If you’re playing competitive sports or just competing with yourself with strenuous workouts, it’s not hard to strain an abdominal muscle. It happens when there’s a full or partial tear in the small muscle fibers in the abdomen. Even though it might not be a serious injury from a medical standpoint, abdominal strains can be painful and take time to heal. Because the strain affects your range of motion, it might also sideline you from sports or exercise.
The most commonly strained ab muscle is the rectus abdominis, which is the large muscle on the front of your trunk, where the “six-pack” reside. Abdominal muscles strains are classified into Grade I (mild), Grade II (Moderate) and Grade III (severe). In the case of mild strains, you may have some pain or discomfort but be able to continue with activities. Grade II and Grade III strains may limit activities and cause moderate to severe pain, respectively.
If you’ve strained an ab muscle, these 6 tips could help you get back in the game sooner than you might otherwise.
Your first order of business is to evaluate whether you should seek medical attention. Is there swelling, discoloration or intolerable pain? If so, you should seek urgent medical care.
Cryotherapy — that’s a fancy word for applying an ice pack — can help prevent swelling and reduce pain. Apply a cold compress to the strained area of the abdomen for 20 minutes at a time, four to eight times a day. You can use a cold pack, ice bag,or fill a plastic bag with crushed ice and wrap it in a towel. To avoid cold injury and frostbite, do not apply the ice for more than 20 minutes.
For the first 24 to 48 hours, you should avoid unnecessary movement. For a severe strain, you may need to refrain from strenuous exercise for 3 to 8 weeks. Try to be patient and remember that it’s easy to re-injure yourself.
Topical NSAIDs—non-steroidal anti-inflammatory drugs — relieve acute pain from soft tissue injuries, such as abdominal strains. They are available both over-the-counter and by prescription. Applied to the injured area, they work on the muscle’s peripheral nerves without going into the blood stream. They also provide rapid relief, working within a few hours of the first application. In addition to pain relief, topical NSAIDs have been shown to speed up recovery because their anti-inflammatory benefits promote healing. They should not be used simultaneously with oral NSAIDs, such as ibuprofen or aspirin, including low-dose aspirin. Your health care provider also may recommend an over-the-counter or prescription medication to help decrease pain and inflammation.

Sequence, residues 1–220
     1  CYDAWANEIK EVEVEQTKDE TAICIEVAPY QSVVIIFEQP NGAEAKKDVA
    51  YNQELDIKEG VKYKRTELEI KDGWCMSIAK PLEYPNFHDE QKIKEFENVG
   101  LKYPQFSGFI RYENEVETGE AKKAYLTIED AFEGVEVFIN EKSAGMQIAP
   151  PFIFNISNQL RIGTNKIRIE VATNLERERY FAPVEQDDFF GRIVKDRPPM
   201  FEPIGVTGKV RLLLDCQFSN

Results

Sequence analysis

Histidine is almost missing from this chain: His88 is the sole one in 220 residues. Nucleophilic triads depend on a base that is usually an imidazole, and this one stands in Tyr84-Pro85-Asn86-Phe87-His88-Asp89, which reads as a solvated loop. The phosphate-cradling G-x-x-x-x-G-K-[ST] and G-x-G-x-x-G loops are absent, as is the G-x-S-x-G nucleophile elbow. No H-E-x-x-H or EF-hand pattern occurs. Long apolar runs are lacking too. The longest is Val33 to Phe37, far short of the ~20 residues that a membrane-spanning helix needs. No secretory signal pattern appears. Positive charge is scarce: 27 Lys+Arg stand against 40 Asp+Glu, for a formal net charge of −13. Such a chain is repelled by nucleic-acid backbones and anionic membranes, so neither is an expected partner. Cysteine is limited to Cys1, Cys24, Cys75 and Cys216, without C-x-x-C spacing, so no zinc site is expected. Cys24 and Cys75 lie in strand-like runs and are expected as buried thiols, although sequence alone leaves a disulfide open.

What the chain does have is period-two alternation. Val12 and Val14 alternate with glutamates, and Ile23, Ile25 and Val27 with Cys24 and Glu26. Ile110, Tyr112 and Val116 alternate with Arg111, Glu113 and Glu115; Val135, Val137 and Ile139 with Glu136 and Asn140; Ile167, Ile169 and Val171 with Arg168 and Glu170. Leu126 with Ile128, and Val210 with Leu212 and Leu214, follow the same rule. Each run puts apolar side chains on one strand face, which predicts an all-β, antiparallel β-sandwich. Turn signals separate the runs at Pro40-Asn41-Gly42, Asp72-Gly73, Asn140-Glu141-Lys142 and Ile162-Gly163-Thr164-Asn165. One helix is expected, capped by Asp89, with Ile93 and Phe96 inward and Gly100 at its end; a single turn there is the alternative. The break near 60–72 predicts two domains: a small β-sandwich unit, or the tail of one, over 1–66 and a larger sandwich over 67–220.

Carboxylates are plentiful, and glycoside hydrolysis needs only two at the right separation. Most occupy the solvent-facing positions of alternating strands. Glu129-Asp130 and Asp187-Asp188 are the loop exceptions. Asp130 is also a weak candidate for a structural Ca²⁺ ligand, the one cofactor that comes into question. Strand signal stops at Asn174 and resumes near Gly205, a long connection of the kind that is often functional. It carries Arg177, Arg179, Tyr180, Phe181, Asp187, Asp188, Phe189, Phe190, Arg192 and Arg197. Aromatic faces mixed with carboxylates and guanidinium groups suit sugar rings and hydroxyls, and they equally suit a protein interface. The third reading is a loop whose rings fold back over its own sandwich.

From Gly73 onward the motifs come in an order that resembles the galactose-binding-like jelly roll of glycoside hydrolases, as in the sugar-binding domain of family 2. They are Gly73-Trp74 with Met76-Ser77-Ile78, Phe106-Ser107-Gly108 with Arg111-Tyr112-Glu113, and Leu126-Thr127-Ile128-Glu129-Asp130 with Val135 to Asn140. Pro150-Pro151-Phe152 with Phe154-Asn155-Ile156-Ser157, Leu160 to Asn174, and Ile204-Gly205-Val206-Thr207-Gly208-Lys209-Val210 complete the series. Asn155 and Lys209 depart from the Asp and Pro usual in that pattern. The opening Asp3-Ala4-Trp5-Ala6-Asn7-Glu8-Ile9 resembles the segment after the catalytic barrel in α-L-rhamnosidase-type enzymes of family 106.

Therapeutic massage may help increase circulation and relieve spasms in surrounding muscles. For milder strains, David Knox, author of Body School: A New Guide to Improved Movement in Everyday Life, recommends drumming your fingers strongly — or at least as strongly as you can stand — across the abdomen.
When you’ve recovered enough to stretch without trigger pain, gentle stretches that lengthen and lift the abs will help soften the muscle tissue. For starters, a simple breathing exercise is a good place to start. Lie prone on the floor with your arms above your ahead. Breathe deeply.
- Mt. Sinai Hospital: Abdominal Muscle Strain
- ACE Fitness: Sprains, Strains and Tears
- National Institute of Arthritus and Muscoskeletal and Skin Diseases: Questions and Answers about Strains and Sprains
- Body School: A New Guide to Improved Movement in Daily Life
- Journal of Pain Research: Topical Nonsteroidal Anti-Inflammatory Drugs REF 5 For The Treatment Of Pain Due To Soft Tissue Injury: Diclofenac Epolamine Topical Patch
- British Journal of Sports Medicine: Rectus Abdominis Muscle Strains in Tennis Players